Haemolytic actinoporins interact with carbohydrates using their lipid-binding moduleTanaka, K., Caaveiro, J.M.M., Morante, K., Tsumoto, K.
(2017) Philos. Trans. R. Soc. Lond., B, Biol. Sci. 372: --
- PubMed: 28630155
- DOI: 10.1098/rstb.2016.0216
- PubMed Abstract:
Pore-forming toxins (PFTs) are proteins endowed with metamorphic properties that enable them to stably fold in water solutions as well as in cellular membranes. PFTs produce lytic pores on the plasma membranes of target cells conducive to lesions, pl ...
Pore-forming toxins (PFTs) are proteins endowed with metamorphic properties that enable them to stably fold in water solutions as well as in cellular membranes. PFTs produce lytic pores on the plasma membranes of target cells conducive to lesions, playing key roles in the defensive and offensive molecular systems of living organisms. Actinoporins are a family of potent haemolytic toxins produced by sea anemones vigorously studied as a paradigm of α-helical PFTs, in the context of lipid-protein interactions, and in connection with nanopore technologies. We have recently reported that fragaceatoxin C (FraC), an actinoporin, engages biological membranes with a large adhesive motif allowing the simultaneous attachment of up to four lipid molecules prior to pore formation. Since actinoporins also interact with carbohydrates, we sought to understand the molecular and energetic basis of glycan recognition by FraC. By employing structural and biophysical methodologies, we show that FraC engages glycans with low affinity using its lipid-binding module. Contrary to other PFTs requiring separate domains for glycan and lipid recognition, the small single-domain actinoporins economize resources by achieving dual recognition with a single binding module. This mechanism could enhance the recruitment of actinoporins to the surface of target tissues in their marine environment.This article is part of the themed issue 'Membrane pores: from structure and assembly, to medicine and technology'.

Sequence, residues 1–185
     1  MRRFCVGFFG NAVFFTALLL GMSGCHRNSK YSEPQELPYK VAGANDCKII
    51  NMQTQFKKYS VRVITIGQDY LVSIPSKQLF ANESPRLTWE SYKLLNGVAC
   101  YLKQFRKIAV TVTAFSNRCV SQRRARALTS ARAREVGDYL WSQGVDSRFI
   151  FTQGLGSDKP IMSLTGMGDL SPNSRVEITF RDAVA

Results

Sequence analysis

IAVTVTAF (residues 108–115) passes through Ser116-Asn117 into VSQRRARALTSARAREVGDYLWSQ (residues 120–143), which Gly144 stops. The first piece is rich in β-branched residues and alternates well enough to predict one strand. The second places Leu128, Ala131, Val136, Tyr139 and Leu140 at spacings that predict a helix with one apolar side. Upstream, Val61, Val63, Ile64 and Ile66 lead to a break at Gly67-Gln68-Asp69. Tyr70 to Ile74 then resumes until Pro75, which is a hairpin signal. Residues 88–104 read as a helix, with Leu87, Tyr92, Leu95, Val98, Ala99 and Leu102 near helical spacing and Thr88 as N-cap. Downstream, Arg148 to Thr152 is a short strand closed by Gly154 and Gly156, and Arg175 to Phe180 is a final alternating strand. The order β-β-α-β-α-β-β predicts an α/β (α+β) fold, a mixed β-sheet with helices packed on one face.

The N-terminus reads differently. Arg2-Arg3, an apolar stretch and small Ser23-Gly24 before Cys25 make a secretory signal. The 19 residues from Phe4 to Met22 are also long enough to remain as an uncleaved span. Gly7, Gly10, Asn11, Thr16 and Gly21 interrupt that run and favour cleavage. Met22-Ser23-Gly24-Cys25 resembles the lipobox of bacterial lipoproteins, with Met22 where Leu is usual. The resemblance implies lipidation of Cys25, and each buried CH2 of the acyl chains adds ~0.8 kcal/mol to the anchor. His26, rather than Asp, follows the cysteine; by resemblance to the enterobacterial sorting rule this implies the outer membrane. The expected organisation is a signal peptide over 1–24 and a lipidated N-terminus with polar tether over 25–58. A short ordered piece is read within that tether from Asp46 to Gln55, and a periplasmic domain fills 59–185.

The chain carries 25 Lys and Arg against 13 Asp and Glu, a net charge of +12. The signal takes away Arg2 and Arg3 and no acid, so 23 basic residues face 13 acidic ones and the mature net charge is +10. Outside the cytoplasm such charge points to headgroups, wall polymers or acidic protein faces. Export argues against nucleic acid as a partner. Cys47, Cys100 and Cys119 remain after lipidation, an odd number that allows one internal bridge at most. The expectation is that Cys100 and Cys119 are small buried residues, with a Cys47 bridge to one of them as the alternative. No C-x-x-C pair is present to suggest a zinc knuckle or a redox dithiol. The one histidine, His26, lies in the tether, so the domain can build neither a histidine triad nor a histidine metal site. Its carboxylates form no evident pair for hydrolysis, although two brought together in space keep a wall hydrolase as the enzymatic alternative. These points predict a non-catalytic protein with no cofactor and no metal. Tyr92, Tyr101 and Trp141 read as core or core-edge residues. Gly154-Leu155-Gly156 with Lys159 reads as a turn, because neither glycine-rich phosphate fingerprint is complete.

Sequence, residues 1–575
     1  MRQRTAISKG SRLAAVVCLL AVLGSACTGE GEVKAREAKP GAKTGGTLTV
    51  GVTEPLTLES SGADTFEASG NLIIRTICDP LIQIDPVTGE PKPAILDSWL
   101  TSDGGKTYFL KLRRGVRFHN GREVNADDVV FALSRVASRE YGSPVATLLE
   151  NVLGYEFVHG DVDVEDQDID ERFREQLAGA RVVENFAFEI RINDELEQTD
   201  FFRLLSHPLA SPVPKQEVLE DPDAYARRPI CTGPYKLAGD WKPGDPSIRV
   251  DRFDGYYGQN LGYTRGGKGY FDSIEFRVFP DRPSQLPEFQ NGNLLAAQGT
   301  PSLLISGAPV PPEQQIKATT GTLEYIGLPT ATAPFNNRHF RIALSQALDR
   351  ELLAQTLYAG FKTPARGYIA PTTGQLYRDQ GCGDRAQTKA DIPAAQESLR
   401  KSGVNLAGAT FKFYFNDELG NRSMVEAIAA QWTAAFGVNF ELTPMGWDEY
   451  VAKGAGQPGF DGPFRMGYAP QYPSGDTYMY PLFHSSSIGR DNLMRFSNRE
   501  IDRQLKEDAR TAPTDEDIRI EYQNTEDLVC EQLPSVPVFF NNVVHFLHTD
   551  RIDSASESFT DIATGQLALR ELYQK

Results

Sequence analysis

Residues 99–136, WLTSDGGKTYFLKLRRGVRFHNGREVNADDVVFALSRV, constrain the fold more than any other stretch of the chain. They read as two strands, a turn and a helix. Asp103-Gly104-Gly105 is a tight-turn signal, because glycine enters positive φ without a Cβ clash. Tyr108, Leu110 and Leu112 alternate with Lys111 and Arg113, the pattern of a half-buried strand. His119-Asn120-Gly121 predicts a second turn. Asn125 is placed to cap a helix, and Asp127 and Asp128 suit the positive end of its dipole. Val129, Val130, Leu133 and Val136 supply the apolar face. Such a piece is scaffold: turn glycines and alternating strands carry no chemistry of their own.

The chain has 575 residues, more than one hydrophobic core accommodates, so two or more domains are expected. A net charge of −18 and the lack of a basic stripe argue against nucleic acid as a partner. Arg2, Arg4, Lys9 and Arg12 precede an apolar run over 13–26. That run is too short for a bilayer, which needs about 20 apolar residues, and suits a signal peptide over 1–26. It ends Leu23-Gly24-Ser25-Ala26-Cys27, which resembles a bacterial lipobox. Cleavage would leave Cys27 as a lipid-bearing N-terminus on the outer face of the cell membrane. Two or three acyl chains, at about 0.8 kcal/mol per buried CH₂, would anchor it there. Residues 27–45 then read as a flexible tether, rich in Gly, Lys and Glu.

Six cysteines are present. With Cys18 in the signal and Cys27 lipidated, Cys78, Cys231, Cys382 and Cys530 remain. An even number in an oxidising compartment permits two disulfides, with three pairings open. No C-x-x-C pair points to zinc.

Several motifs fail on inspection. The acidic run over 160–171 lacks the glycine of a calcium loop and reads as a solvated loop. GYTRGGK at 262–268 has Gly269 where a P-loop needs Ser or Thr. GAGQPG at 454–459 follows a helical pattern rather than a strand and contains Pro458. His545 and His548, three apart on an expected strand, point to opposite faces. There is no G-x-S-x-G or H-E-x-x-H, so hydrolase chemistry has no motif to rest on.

Department of Chemistry and Biotechnology, The University of Tokyo, Bunkyo-ku, Tokyo 113-8656, Japan.